by Deren Hansen
The sundial in the wabe showed four o'clock. I was thinking about what to broil for dinner—not many options, the cupboard was bare—when the mop I grabbed squawked.
I hate borogoves—miserable birds.
This one, its thin, wheedling voice more annoying than usual, said that while the feeling was mutual he needed me to do a job—seems he and his fellows were all mimsy.
A job's a job—and broiled borogove eggs are pretty good, if you hold your nose just right.
The borogoves' rookery was overrun with raths—mome raths my erstwhile employer assured me, because the green pigs certainly didn't belong in his neighborhood.
I hate raths, too.
Oh, they're cute enough until they outgrabe—something between bellowing and whistling, with a kind of a sneeze in the middle— and this lot were in full chorus. I could see why the birds were angry.
The borogove ruffled his already disheveled feathers. “Are you going to do anything about these things?” he asked as he aimed a kick in a particularly vocal rath nearby.
I was anxious to leave. “Let's find out why they came.”
It wasn't hard to follow the rath spore—they'd stampeded into the borogove rookery. A short stump over hill and through dale brought us to a tumble-down rath farm.
An old father—William was his name—rocked on the porch, grinning and humming to himself.
“Oh, the cheer,” grumbled the borogove, “it's more than I can stand.”
“Your raths, they’re mome,” I said, trying to be personable. It didn't come easy. “Why did you let them get away from home?”
William opened one eye wide and squinted at me through the other. “They didn't get away, but were driven, I say.”
His fences were down and there were some awfully big claw prints in the mud of the rath pens.
“Driven?” I took a half step back.
The borogove pressed his beak into the small of my back. “Remember, we have a deal,” he said.
Someday I'll learn to ask more questions before taking a case.
Father William jumped up and thrust his nose between my eyes. “Beware the jabberwock, my son! The jaws that bite, the claws that catch!” He thumped my chest with his pudgy index finger. “Beware the jubjub bird, and shun the frumious bandersnatch!”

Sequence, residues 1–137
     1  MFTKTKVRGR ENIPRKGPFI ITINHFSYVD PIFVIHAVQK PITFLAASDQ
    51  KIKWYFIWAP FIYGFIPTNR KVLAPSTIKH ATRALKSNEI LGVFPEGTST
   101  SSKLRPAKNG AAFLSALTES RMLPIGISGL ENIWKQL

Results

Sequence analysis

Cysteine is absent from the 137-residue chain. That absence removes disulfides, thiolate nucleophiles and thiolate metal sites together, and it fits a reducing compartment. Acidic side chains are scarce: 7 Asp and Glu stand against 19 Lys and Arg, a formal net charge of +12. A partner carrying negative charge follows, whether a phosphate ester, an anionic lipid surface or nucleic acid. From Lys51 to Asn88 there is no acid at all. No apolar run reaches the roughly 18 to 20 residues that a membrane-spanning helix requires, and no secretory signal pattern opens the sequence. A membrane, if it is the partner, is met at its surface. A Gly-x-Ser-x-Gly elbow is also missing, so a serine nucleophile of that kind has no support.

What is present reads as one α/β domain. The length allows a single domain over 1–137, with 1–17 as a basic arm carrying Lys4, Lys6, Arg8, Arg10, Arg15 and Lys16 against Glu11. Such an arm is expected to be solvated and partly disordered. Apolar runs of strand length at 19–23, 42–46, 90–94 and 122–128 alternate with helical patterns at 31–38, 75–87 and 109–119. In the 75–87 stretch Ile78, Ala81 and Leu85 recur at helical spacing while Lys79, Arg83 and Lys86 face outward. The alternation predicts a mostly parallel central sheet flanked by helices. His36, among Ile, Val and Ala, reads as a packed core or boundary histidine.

I clapped my hand over my eyes and pulled it down my face. “Where's young William?” I asked, even though I knew the answer.
The old father chortled. “He took his vorpal sword in hand!”
“We've got a quester.” I growled at the borogove. “My fee just went up.”
“Long time the manxome foe he sought,” Father William called after us as I sprinted up the old forest path. The borogove flapped along glumly beside me.
It wasn’t hard to follow Young William’s trail. All the pine, ash, birch, and larch, within easy reach of the trail, and about the same diameter as a fat neck, had been felled or cloven with a single vorpal stoke—the sort of thing that makes a young man cocky enough to forget that a jabberwock isn’t as polite as a tree when it comes to standing still for a beheading.
I pushed on as fast as I could, but each severed tree we passed whittled away my hopes of finding Young William before he was nothing more than a red stain on the bottom of a bandersnatch’s foot or something a jabberwock might try to pick out of his teeth with the vorpal sword.
At long last we came out of the wood and found Young William standing under the lone Tumtum tree in the middle of the meadow, rubbing his chin and entirely lost in thought.
I didn't care a fig for his uffish thought and was about to give him what for when the borogove croaked.
There was something burbling through the trees at an unnerving clip.
I grabbed the miserable bird and ducked behind a stout oak as the jabberwock, with eyes of flame, came whiffling through the tulgey wood,
The boy just stood there as the beast crashed into the open and roared half the leaves off the Tumtum tree.
I couldn’t stand it and shouted, “Hey you idiot—”
That shook Young William out of his reverie.
It’s also, apparently, the worst possible thing to say to a jabberwock.
“If you need me,” the borogove squawked, “which shouldn't be for much longer, I’ll be in the Tumtum tree.”
He flapped away, a blur of feathers and impossibly long legs, as the jabberwock swung toward me.
“One, two! One, two! And through and through!” Young William shouted. Suddenly he and his sword were everywhere, and then the vorpal blade went snicker-snack.
The jabberwock never stood a chance. It was all over before the borogove reached the Tumtum tree.
“Thanks mate,” the lad said between ragged breaths.
“You distracted it.”
I poked the carcass a few times. There was definitely one less jabberwocky in the tulgey wood tonight. We left it dead, and with its head we went galumphing back.
“And, hast thou slain the jabberwock?” Old Father William cried as we marched up to his hovel with the severed head of the beast. “Come to my arms, my beamish boy! O frabjous day! Callooh! Callay!” he chortled in his joy.
I elbowed the borogove. “They'll round up the stray raths in no time. Now about my payment?”
The borogove sighed and shook his head. “Strictly speaking, Young William solved the actual problem.” He ruffled his feathers and tried to look glum. “I'm not sure your fee is appropriate.”
I hate borogoves.
It took the better part of the next day—and the assistance of both the walrus and the carpenter—to get things sorted out to everyone's mutual dissatisfaction.
Back at my wabe-side office, I looked out at the sundial. T'was brillig, and the slithy toves did gyre and gimble in the wabe—always a bad sign ...